Continued from page 1

To underscore the weight of the issue, Vice President Joseph R. Biden presided over the vote, and families of gun-violence victims watched from the public viewing galleries.

“Shame on you,” a survivor of the 2011 Tucson shootings shouted at senators after the vote was announced.

Gun rights supporters did suffer losses, though. The Senate rejected an amendment to allow those with concealed-carry permits to carry their weapons across state lines.

Still, the background check amendment was the chief showdown.

Its defeat dooms what had become the “sweet spot” of gun legislation, as co-sponsor Sen. Charles E. Schumer, New York Democrat, described enhanced background checks, but creates significant logistical problems for broader gun measures.

Despite the setback, Mr. Reid said Democrats will try again.

“We have not given up,” he said. “I am going to do everything I can to fight for meaningful background check legislation.”

The underlying gun control bill Democrats wrote includes language intended to crack down on gun trafficking and straw purchases, as well as funding for school safety provisions. But it also includes even stiffer background checks, written by Mr. Schumer.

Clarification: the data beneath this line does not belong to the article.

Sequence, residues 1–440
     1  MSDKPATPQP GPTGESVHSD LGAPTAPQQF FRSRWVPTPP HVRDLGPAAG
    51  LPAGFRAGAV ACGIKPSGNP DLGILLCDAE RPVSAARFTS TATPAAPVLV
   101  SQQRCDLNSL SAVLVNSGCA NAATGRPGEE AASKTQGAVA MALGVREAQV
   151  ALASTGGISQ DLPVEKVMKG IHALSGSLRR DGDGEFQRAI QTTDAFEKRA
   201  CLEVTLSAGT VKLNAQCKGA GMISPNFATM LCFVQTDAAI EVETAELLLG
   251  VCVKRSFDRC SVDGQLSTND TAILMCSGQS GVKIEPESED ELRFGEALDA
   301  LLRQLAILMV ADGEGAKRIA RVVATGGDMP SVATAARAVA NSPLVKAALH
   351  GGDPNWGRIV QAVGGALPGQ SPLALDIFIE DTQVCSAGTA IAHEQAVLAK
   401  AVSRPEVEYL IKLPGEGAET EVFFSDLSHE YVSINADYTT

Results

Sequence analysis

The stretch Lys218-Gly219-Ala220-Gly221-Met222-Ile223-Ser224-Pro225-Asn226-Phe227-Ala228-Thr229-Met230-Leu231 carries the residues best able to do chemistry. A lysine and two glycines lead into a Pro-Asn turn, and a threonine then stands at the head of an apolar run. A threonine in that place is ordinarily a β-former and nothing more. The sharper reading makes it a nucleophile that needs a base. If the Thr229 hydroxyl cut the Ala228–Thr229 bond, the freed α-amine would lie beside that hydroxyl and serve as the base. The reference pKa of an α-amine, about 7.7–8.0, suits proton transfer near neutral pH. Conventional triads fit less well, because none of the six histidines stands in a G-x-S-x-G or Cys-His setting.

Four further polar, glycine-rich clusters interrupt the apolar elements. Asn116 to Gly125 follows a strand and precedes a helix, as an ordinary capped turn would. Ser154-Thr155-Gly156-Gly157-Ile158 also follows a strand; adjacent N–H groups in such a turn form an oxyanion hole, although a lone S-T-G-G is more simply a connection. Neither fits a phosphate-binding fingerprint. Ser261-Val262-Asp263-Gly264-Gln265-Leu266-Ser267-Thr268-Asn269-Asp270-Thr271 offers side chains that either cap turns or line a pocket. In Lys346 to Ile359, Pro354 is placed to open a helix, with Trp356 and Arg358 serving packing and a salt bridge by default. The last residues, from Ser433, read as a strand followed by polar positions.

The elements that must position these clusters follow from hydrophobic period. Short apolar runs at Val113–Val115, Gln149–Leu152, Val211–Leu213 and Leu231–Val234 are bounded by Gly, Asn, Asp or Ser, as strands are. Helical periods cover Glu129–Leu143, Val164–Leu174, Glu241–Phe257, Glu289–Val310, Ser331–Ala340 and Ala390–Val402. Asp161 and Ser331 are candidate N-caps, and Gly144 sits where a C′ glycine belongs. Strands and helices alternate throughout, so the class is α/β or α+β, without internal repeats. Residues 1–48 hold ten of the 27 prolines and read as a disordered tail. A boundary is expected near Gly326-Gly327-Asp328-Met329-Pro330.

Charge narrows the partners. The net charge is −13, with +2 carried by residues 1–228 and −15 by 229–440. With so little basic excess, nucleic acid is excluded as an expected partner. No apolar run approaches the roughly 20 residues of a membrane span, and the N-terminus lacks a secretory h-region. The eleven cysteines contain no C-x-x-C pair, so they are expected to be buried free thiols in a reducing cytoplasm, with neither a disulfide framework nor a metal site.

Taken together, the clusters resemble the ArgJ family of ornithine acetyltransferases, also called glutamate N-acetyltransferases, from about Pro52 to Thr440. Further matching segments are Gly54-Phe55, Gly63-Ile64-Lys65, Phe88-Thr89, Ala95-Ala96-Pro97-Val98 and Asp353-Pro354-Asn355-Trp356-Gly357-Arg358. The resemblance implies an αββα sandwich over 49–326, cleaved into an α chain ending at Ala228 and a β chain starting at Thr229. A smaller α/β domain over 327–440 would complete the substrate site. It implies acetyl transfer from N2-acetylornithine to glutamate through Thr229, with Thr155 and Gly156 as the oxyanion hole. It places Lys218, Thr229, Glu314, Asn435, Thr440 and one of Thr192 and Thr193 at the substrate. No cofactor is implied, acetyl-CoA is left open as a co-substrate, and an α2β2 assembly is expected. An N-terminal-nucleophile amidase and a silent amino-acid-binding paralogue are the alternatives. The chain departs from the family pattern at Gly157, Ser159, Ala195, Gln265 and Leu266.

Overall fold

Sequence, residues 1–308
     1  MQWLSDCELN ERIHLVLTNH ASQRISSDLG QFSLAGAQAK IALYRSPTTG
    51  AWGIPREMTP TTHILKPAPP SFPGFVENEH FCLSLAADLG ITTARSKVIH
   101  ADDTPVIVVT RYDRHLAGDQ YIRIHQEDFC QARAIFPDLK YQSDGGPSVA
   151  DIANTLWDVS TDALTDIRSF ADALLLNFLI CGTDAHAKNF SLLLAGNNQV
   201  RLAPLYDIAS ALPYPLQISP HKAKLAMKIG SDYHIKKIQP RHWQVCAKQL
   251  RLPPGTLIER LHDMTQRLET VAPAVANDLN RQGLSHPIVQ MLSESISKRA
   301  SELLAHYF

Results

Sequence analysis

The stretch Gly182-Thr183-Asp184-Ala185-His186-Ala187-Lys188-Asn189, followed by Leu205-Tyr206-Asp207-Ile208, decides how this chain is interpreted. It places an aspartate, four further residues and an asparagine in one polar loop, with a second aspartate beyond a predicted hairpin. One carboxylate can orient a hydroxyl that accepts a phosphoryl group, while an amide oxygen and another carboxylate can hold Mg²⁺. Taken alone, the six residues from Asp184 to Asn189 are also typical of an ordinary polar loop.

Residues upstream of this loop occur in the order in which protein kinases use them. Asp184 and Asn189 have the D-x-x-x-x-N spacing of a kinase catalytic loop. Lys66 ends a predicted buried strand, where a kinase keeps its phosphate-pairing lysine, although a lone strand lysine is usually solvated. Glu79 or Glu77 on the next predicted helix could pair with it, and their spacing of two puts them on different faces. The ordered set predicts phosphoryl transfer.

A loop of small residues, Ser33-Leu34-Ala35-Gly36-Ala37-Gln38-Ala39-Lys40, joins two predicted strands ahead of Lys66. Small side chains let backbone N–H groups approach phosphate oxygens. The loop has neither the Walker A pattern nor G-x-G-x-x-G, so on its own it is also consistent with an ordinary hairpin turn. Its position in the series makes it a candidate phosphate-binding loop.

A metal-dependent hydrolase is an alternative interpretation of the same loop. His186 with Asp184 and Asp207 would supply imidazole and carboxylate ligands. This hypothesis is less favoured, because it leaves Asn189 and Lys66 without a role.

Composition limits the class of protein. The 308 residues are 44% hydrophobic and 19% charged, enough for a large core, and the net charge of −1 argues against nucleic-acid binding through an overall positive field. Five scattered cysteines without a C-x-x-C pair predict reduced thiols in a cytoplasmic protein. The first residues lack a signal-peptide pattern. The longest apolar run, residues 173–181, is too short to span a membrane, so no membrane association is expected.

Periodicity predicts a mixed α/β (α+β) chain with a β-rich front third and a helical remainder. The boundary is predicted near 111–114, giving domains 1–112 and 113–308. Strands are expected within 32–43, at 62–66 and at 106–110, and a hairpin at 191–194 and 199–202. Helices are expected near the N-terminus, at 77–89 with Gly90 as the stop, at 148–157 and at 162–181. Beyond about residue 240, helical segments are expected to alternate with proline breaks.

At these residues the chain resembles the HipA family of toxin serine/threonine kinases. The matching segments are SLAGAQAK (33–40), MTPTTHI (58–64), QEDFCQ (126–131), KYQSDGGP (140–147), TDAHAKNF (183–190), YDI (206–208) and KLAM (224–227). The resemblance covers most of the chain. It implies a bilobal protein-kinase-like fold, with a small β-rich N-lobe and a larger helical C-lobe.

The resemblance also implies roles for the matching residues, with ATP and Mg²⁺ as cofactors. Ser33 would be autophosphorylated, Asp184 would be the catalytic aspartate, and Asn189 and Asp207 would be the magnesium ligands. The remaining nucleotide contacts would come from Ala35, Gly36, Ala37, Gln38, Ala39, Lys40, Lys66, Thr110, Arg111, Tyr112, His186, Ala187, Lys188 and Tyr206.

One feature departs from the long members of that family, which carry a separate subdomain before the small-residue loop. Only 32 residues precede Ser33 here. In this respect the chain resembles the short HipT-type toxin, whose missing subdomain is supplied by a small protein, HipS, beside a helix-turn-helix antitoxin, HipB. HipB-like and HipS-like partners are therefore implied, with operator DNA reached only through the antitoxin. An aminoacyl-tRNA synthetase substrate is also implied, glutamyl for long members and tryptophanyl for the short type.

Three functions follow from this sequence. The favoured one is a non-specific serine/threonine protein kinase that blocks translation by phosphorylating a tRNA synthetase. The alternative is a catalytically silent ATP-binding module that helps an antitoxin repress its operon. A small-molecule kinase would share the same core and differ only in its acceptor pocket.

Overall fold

The Manchin-Toomey amendment was designed to replace the Schumer language, but now that chance is gone and the entire bill is threatened.

The Senate is scheduled to consider two amendments to the underlying bill Thursday. One would penalize states and local governments that release certain information about gun owners and victims of domestic violence, and the other would reauthorize and bolster programs on mental health and substance abuse disorders.

In 2004, the last time the Senate debated a major gun bill, the same situation occurred. Republicans wrote a bill to shield manufacturers from liability for gun crimes, but Democrats managed to attach amendments banning some semi-automatic weapons.

Neither side could stomach the final product, and 90 senators voted to kill it.

Dave Boyer contributed to this report.